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Northwestern basketball player previews: C Barret Benson

Benson is the heir apparent to Dererk Pardon, but still improving his game.

NCAA Basketball: NCAA Tournament-First Round-Northwestern vs Vanderbilt Joe Camporeale-USA TODAY Sports

Basketball season is just around the corner. To get ready for the season, we will bring you in-depth player previews for every scholarship member of the 2017-18 Northwestern Wildcats. Today, we’ve got Barret Benson, last year’s main backup to Dererk Pardon.

Who he is:

Sophomore, 6-foot-10, 240 pounds from Willowbrook, Illinois

The numbers:

8.0 minutes per game (32 games), 2 points per game, 26-of-44 from two, 19 blocks, 12 assists

2016-17 recap:

As a freshman, Benson performed ably last season. He started eight games when Dererk Pardon suffered a hand injury (remember when that was going to derail the season?) and Northwestern won all of those games except for a tough matchup at Michigan State. Benson did just about all the basic things you expect a freshman college center to do. He made layups and dunks, rebounded to the best of his ability and missed a lot of free throws. Pardon was very effective last season, leaving Benson with scarce minutes once the sophomore returned from injury. Benson also split time with Gavin Skelly at times when Northwestern went even smaller.


Benson is a solid rim protector. He’s listed as two inches taller than Pardon, and he definitely could improve to be a solid defensive center, even better than Pardon. Benson had the highest block percentage on the team last season, and he already sets up to be Northwestern’s defensive anchor in the paint when those lineups are necessary. Benson is also a decent passer for a center, and he can finish effectively at the basket.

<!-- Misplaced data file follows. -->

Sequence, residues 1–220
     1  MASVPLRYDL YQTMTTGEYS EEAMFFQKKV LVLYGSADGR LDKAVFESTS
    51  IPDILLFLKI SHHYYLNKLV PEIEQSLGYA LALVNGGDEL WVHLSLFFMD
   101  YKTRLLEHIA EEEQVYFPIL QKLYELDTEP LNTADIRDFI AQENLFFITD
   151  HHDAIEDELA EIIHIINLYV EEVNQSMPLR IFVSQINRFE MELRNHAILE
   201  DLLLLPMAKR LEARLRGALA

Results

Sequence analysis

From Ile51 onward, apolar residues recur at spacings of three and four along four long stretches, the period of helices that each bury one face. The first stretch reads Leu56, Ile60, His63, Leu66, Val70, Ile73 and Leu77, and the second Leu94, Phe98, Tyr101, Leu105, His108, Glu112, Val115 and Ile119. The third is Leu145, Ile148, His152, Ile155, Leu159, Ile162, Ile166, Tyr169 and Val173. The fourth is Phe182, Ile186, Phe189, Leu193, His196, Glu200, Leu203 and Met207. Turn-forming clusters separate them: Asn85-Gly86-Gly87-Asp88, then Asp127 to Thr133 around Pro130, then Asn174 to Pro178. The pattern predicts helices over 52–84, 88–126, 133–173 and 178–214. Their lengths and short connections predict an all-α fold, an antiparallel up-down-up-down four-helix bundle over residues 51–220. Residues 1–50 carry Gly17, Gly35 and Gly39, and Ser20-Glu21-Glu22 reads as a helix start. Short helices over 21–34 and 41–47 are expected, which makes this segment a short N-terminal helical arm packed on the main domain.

While Benson can finish well at the rim, his jumpshot is major weakness. Benson rarely took shots from beyond three feet last season, but he’s definitely been working on that jumper in the offseason. Benson is not quite as agile and athletic as Pardon yet, so he’ll need to improve his footwork to compete in the Big Ten. His rebounding abilities are still a work in progress, as you’d expect from a freshman. His offensive and defensive rebounding percentage were both much lower than Pardon’s. Benson also turned the ball over a bit too often, which probably contributed to his lack of minutes down the stretch and in the more important games of the season.


Dererk Pardon is still the best center on the team by a significant margin. However, Benson could definitely work his way into more minutes if he improves his offensive output and rebounding. Collins talked about playing more two-big men lineups with Pardon and Benson.

“Sometimes Dererk and I play on the same team [in open gym], trying things like that,” Benson said.

A two-big lineup could be an interesting wrinkle for Northwestern, as Benson is already on his way to being a solid defensive force in the paint. As long as he learns to position his feet and expand his range, Benson should blossom into a solid rotation piece for the Wildcats. For this season, you’d expect a slight uptick in minutes, but not much more than that with Pardon still on the team and performing effectively. However, Benson will provide critical depth if Pardon gets injured. For a backup center, Benson already has a lot of promise, and is a huge part of Northwestern’s bench.

Previous player previews

Jordan Ash

Gavin Skelly